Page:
Q -- In looking over the specifications of the Vivitar 90-180 zoom lens, I came across some terminology that I don't understand. What is the difference between elements and groups? Does it make any difference as to how many? Also, what is a flat field?

A -- The Vivitar series I 90-180 mm f4.5 zoom lens has an optical construction of 18 elements in 12 groups. The 18 elements are individual "optical units," or lenses that are organized in groups for maximum effect.

The flat field refers to the ability of the lens to produce edge-to-edge sharpness. When using it as a macro-close-up mode it automatically makes the f-stop adjustment so that you don't have to change the shutter speed.

Q -- Why can't the labs print my 35mm full frame instead of cropping it?

A -- The proportions don't match standard print sizes. Many labs have a special service of printing 35mm to a 7-by-10 and a 10-by-14 size that is closer to the right proportion. Prices for this service fall between the mass production prints and the more expensive custom finishing.

Q -- Sunsets are are often spectacular but I can't seem to capture them in color. Any suggestions?

A -- The trick to susets is underexposure to retain the brilliant sky colors. Take a meter reading of the sky itself, not including the dark landscape, and underexpose a half to a full stop from that.

Many photographers in taking sunset pictures mistakenly include large sections of dark foreground in their metered area.

Q -- I shot some party pictures with bounce flash and all the faces turned out red.

A -- The room probably had red-colored walls or ceiling that reflected your flash, tinting the light reddish. This can happen with other colored wealls as well. You can end up with green faces if the walls are green or a jaundiced yellow if they're that color.

Bounce your light off a white umbrella or a piece of white cardboard.

Mount the umbrella or cardboard on a light stand and place it behind you, high and pointed in the direction of your subject. When you shoot, point the light backward at the white surface instead of a colored wall.

There are gadgets on sale you can attach to the flash itself so you don't need a lightstand.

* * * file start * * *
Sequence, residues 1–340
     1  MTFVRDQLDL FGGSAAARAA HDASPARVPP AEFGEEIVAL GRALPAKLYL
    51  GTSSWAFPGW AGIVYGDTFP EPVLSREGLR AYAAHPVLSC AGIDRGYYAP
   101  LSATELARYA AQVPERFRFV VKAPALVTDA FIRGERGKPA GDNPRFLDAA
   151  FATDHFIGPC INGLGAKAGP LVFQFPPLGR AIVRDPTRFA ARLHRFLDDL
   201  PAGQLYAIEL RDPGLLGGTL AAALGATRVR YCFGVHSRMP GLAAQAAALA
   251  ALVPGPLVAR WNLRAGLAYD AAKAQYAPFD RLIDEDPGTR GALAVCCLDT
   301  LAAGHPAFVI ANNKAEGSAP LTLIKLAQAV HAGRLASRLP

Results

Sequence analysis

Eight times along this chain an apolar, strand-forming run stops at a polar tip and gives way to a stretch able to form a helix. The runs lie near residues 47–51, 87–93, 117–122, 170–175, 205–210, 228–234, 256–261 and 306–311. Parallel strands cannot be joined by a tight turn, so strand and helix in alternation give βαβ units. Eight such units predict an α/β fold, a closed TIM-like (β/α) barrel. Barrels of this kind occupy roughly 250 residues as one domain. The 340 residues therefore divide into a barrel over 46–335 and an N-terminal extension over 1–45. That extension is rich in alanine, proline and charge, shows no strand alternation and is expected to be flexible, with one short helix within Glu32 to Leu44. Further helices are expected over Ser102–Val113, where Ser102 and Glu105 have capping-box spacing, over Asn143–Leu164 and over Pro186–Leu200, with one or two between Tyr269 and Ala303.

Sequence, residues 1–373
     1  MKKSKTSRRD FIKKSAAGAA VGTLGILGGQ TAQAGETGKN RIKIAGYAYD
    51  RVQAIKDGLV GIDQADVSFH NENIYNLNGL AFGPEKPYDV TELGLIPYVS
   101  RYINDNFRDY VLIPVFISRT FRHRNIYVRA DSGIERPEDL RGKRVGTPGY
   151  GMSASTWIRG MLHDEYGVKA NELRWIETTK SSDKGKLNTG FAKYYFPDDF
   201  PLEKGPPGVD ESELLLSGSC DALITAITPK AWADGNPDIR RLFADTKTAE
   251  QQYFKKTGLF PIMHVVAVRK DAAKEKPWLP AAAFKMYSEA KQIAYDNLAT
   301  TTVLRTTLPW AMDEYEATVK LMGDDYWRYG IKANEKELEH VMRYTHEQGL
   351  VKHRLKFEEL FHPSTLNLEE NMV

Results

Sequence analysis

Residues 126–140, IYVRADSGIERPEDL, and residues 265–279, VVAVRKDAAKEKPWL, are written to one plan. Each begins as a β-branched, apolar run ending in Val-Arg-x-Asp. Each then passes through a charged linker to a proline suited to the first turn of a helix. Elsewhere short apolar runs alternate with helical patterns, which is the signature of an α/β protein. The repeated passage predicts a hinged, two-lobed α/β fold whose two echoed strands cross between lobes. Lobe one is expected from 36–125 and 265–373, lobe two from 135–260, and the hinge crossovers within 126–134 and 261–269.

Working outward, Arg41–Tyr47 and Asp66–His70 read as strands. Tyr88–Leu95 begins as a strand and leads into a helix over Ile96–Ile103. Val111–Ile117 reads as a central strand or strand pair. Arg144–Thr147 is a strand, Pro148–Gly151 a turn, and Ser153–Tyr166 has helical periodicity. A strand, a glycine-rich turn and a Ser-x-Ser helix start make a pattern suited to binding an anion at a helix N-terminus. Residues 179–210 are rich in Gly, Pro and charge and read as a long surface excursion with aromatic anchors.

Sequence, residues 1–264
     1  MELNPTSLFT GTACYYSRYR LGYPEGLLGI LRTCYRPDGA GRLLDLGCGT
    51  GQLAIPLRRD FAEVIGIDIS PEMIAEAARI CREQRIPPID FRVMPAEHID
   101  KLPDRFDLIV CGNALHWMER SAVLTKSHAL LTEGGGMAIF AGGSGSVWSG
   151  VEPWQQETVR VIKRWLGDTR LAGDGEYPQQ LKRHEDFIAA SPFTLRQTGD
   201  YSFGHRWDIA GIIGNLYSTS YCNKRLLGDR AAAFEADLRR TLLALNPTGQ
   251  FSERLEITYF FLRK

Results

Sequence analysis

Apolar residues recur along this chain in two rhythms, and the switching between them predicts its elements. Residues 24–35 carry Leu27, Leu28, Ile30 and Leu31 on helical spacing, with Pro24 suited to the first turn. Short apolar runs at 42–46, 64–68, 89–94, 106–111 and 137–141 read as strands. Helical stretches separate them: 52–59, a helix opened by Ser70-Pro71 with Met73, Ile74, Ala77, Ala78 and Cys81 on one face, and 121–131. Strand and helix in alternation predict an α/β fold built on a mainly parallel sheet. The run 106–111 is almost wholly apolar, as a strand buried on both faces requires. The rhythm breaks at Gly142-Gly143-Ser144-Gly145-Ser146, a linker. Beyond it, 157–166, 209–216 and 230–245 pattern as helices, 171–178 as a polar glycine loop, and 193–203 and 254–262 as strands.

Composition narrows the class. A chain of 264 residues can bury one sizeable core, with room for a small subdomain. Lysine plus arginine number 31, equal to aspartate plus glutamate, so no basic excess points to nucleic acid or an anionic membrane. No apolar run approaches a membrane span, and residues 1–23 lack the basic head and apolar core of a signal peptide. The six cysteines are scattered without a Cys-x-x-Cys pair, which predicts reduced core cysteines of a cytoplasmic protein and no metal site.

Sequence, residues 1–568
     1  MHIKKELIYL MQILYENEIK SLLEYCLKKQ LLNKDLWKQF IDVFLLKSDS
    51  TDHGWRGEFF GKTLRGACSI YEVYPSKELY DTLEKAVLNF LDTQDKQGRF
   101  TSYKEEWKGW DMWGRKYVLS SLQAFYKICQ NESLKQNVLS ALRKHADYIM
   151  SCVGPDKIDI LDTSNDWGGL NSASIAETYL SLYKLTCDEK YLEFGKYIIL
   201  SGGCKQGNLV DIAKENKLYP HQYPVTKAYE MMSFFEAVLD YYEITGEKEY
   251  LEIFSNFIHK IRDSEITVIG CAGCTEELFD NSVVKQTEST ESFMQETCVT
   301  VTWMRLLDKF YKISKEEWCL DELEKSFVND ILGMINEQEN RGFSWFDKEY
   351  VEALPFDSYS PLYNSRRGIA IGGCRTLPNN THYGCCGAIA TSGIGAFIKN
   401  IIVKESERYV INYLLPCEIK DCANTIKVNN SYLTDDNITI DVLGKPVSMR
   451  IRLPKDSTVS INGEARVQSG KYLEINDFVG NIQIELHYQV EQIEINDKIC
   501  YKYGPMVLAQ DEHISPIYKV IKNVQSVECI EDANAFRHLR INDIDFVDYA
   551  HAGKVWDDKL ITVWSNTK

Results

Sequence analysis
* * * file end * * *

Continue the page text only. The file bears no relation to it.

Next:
Q -- What's a Kelvin rating and how is it used in photography?

A -- A Kelvin rating is the yardstick for measuring the relative color quality of light. The lower the number, the warmer the light source. Sunsets and candlelight are rated lowest, at about 2,000 degrees Kelvin; daylight and electronic flash in the high numbers at 5,500 to 6,000 degrees Kelvin. The importance of this is that the warmth of the light affects your picture. Warm light, like candlelight or a setting sun, will color your picture red; bluish light, as on overcast days, will cast a cold blue tint.

The eye doesn't see this, by the way, because it adjusts to the light and can't tell the difference. This is why you may be surprised and say, "That's not the color I saw," when you look at your slides or prints.

The Kelvin rating lets you match up your light source and the film or make the needed change with filters.

A film rated at 3,200 degrees Kelvin should be used with a lamp rated the same for the most accurate color result. A daylight color film rated at 5,500 degrees Kelvin should be used in sunshine at about midday. Yarying the film and the light can give you some unusual results: Indoor tungsten film, for example, rated at 3,200 Kelvin, will turn an overall blue in daylight; daylight film exposed by candlelight will look reddish. Using the Kelvin rating, you can match up your film and light for the truest colors or mismatch them for special (or weird) effects.